Yes – Day 1 is over! That’s the Grammar, Reading and Writing.
I was at the languages institute at St Petersburg university before 9.30 for a 10 am start, along with my son who is doing the Second Certificate, B2 level (I am doing the Basic, A2 level) There were two Chinese boys and three Chinese girls anxiously waiting as well – all doing the First Certificate, B1 level, apparently the most popular one. We all waited outside Room 208…
The exam door was closed until 5 to ten when the supervisor came out and checked our papers and took away our mobile phones. She was actually quite human- I had been expecting a really strict, mean-looking invigilator, but she was almost pleasant. (Should I say surprisingly?)
The room was actually a room of computer booths, rather than rows of front-facing desks. I quite liked this. We will only use the computers tomorrow, for the listening test; today’s exams were on paper. I sat in a booth next to my son – it was quite nice actually, even though we couldn’t communicate and were doing separate exams anyway.
Unexpectedly, the first exam was the Writing 🙁 I had hoped for the Grammar first, to ease me in, as I find that the least difficult, but, whatever. My two questions were fairly straightforward, the first, a letter to a new penfriend introducing yourself and asking questions about him/her. (How many times have I trained GCSE students in similar letters?!) The second question was writing an apology for not being able to attend a party and suggesting a meet up at a later date. I actually finished the two questions in twenty minutes and then spent the rest of the time (up to 50 minutes) double checking word in the dictionary. So much did I feel back in my student days, 40 years ago, that I actually wrote my maiden name on the exam paper and it wasn’t until the last five minutes of the exam that I actually realised, scribbled it out and wrote my current name!!
The following exam was the Grammar. Bits of this were quite straightforward and I only had to guess a few of them. Thankfully there was a whole passage using motion verbs so my relentless lessons of the last couple of weeks, plus the video course from Dr Curtis Ford on tips4russian haven’t gone to waste 🙂 HOWEVER.. the layout of the multiple choice answer options was very confusing, going across the page 31,32 and then down to 39 and then across to 37…? Questions 33 and 34 appeared on the next page, as if the copying had been done in a strange way. I’m confident I got most of these right and I will be asking for a remark if I get a low grade because I want to make sure the person marking them was aware of the odd location of the answers too 🙂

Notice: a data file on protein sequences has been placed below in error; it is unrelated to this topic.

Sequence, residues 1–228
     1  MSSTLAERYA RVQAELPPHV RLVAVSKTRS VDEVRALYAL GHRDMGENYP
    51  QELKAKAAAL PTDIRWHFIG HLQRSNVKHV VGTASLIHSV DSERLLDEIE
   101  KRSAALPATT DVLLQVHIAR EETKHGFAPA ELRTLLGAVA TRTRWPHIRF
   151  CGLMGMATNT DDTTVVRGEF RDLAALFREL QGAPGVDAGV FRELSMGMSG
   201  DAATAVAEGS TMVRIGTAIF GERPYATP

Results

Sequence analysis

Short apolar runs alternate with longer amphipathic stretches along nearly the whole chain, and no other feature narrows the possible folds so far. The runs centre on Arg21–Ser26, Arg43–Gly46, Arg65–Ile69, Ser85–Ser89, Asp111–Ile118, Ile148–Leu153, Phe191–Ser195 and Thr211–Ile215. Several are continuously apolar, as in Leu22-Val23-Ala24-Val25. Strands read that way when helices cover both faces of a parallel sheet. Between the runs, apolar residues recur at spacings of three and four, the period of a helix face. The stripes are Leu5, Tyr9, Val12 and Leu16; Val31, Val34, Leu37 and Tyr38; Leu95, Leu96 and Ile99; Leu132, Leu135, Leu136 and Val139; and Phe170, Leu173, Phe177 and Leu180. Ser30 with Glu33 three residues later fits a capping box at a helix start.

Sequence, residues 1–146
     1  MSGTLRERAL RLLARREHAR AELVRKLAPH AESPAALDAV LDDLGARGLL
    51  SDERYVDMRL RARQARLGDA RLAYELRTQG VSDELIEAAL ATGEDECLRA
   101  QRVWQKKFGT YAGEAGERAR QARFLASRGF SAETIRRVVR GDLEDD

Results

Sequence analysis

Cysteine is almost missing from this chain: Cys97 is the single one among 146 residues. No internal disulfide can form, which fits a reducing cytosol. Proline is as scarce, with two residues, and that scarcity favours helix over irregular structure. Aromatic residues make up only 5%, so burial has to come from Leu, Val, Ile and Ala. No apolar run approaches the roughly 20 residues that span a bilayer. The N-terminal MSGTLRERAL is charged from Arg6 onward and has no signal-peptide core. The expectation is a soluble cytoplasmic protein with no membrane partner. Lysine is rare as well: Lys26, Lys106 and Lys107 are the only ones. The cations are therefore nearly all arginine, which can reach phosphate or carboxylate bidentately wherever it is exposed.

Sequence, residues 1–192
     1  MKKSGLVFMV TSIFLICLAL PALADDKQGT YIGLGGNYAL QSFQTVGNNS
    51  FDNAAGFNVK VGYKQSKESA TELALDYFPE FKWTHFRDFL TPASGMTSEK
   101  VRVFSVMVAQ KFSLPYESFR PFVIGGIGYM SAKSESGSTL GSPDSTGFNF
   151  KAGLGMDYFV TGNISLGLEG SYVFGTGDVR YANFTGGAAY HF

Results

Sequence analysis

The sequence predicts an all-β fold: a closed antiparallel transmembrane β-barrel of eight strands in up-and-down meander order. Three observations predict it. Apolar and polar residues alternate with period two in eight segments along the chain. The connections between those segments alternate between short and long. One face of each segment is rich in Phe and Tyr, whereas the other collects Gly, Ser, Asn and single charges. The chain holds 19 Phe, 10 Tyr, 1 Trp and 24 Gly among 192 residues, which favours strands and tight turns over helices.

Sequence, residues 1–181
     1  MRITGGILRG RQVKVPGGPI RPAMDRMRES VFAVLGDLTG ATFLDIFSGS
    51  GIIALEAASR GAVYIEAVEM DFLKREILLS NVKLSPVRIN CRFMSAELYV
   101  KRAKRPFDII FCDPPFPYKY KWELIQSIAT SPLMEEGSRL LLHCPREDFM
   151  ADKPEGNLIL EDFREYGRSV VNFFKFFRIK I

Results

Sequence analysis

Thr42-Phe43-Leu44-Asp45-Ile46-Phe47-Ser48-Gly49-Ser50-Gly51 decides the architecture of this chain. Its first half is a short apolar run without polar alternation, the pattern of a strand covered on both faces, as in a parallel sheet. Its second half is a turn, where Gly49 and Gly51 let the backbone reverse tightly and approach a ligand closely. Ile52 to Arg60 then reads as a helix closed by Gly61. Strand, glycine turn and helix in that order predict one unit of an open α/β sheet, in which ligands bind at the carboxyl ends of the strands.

The reading took me 45 minutes out of the 50, again some challenging texts. I kept forgetting that I was allowed to use a dictionary – it just wasn’t in my psyche, never having been allowed to for my own school and university exams (apart from a post graduate translation diploma, but that was slightly different)
I realise now I was doing an exam that was at the appropriate level for me. All exams I did at school were way below the level I had already achieved and so always seemed easy. It was interesting to do an exam where I had to really focus, where I sometimes didn’t know words or had to guess.
My three exams took me from 10 am until 12.30 and I did feel tired afterwards. In fact, we both came back to my apartment and went to sleep for a couple of hours!
Tomorrow – listening and speaking. Speaking is the one I am most concerned about but hey – it’s only a language exam…
It seems that this examination is methodologically advanced, for example allowing candidates to use a dictionary (I presume it was a bilingual one?) The writing tasks themselves are realistic too, and pretty challenging for level A2. In the Cambridge exam for English at this level (KET) you’re only expected to write about 30 words.
A2 should be standard but I confidently say this is harder than my expectations of A2 in the UK. This meant to be equivalent to a high GCSE grade but it seems to me more akin to first year A level. As for the bilingual dictionary, my son at B2 level was allowed a monolingual dictionary for writing but not for anything else.